24.3 C
Friday, June 9, 2023
HomeUKPossible rewrites: - Earn £500 on Airbnb in London during the Coronation, suggest...

Possible rewrites: – Earn £500 on Airbnb in London during the Coronation, suggest homeowners – Homeowners in London may make £500 on Airbnb during the Coronation – Coronation could bring £500 in Airbnb earnings to London homeowners, according to forecast – Airbnb potentials: London property owners look to earn £500 during the Coronation – Capitalize on Coronation buzz with Airbnb, say London homeowners eyeing £500 in earnings


Homeowners benefit from coronation: Airbnb says Londoners can earn £500 renting out their property… but they’ll have to keep the neighbors on their side

  • Airbnb is recruiting new hosts ahead of coronation weekend
  • The typical house earned £500 during the Queen’s Jubilee and could match that
  • But new rules are in place to ensure guests don’t cause a nuisance

There hasn’t been a coronation in 70 years – so it’s no wonder companies want to make money.

And so is the short-term housing website, Airbnb, which is actively recruiting new homeowners, with the incentive of making money over coronation weekend, especially if you live near London.

The company claims the typical Airbnb host made more than £500 over the three-day weekend of the Queen’s Jubilee in 2022. Coronation hosts should easily match that. As an added incentive, the company is offering newcomers a £100 travel voucher.

Geoff Robjent, a business executive living in Bristol, regularly hosts his home on Airbnb. “I often work abroad, so it makes sense that I rent out my apartment during those weeks,” says 34-year-old Geoff. economic climate.’

Royal rental: Airbnb claims a typical host made more than £500 over the three-day weekend of the Queen’s 2022 anniversary

Geoff has been running his side business for the past two years. He has no reason to complain about the behavior of any of his guests and he keeps his neighbors happy by informing them when he rents out the property.

Yet Airbnb does not have such a spotless image elsewhere. Last month, while speaking in Chelmsford, Essex, Rishi Sunak was berated by locals, who complained that Airbnbs were being used as rowdy party houses.

Unruly guests have also made headlines in Bath, where residents of Lansdown’s Georgian terraces are surrounded by houses rented for stag weekends.

“We often threw beer cans in our gardens and most weekends have all-night parties with loud music,” says 71-year-old Emily Jones.

‘It’s been a nightmare. A poor gentleman in a garden flat woke up one Sunday morning with puke as he ran down the common stairs.’

Airbnb claims it has “zero tolerance” for anti-social behavior and has removed or suspended at least 1,000 properties as part of a crackdown on party houses.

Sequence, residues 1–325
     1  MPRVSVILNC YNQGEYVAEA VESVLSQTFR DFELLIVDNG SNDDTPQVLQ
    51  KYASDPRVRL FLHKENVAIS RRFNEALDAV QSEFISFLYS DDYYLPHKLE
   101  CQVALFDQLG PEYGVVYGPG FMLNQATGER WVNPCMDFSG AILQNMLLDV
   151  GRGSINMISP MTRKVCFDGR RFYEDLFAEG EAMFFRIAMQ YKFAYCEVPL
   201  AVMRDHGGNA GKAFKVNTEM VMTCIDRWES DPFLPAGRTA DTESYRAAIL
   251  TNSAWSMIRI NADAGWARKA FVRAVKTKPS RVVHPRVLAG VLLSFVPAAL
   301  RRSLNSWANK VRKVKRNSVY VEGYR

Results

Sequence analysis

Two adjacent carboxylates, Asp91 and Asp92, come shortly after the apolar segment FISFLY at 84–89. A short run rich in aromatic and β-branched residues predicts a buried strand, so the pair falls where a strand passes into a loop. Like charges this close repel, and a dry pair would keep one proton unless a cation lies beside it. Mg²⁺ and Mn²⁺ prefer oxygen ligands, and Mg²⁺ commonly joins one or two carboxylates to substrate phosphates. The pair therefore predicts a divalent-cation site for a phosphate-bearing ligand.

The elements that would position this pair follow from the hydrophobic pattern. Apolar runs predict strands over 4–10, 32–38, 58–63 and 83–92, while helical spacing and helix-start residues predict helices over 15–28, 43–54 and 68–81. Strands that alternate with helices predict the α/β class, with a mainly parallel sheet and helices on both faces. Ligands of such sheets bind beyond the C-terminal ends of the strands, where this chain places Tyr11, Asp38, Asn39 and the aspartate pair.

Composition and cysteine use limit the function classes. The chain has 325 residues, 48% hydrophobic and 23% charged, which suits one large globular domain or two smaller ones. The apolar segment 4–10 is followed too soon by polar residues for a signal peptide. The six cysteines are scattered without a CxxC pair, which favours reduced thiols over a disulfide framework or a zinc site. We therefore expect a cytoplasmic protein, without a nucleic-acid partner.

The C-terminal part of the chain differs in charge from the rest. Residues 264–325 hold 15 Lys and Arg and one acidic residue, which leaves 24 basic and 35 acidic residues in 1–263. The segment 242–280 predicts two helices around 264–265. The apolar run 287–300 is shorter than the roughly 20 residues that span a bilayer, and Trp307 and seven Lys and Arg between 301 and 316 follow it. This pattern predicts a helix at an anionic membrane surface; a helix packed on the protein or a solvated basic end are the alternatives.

The problem is largely due to irresponsible, get-rich-quick hosts who don’t keep an eye on their guests. Fortunately, legislation is in the works.

Michael Gove, the secretary of Leveling Up, Housing and Communities, plans to give municipalities the power to ban vacation rentals if they deprive locals of their homes. However, this change will not take effect until the end of the year: too late for the royal shindig.

If you’re thinking about becoming an Airbnb host for the coronation, how can you make sure guests don’t disturb your neighbors or violate your property? Airbnb’s guidelines emphasize that all guests should be made aware of the house rules, so “prevent problems before they start.”

If the host thinks a party is planned, the booking should be canceled immediately. Hosts are also advised to share their mobile numbers with neighbors so that they can be notified of the first signs of trouble.

Airbnb also suggests that newcomers meet with a “super host” — an experienced and valued host — for one-on-one guidance.

Clair Huggins is such a super host. She runs five large Airbnb homes in Norfolk, renting them out each for a minimum of £1,200 per night.

With expensive furnishings, ornaments on display, and a pool in every room, it’s in Clair’s interest to attract well-behaved guests.

“I have ground rules, like asking for a guarantee if the guests come for, say, an 18th birthday party,” says Clair, a former personal assistant in her 50s.

“If it’s a chicken weekend, I prefer the mother to be there too. As a result, I have suffered no greater damage than a broken bed lamp.’

Geoff in Bristol thinks communication is key. “I like to talk to my guests on the phone before they arrive,” he says. Failing that, I like a chatty exchange of emails. You learn a lot about people that way.

“Contrary to popular advice, I never tidy up my personal belongings. I want people to know this is my home. That way they are more likely to treat it with respect.’

On the market… Coronation remains

The author of what'snew2day.com is dedicated to keeping you up-to-date on the latest news and information.

Latest stories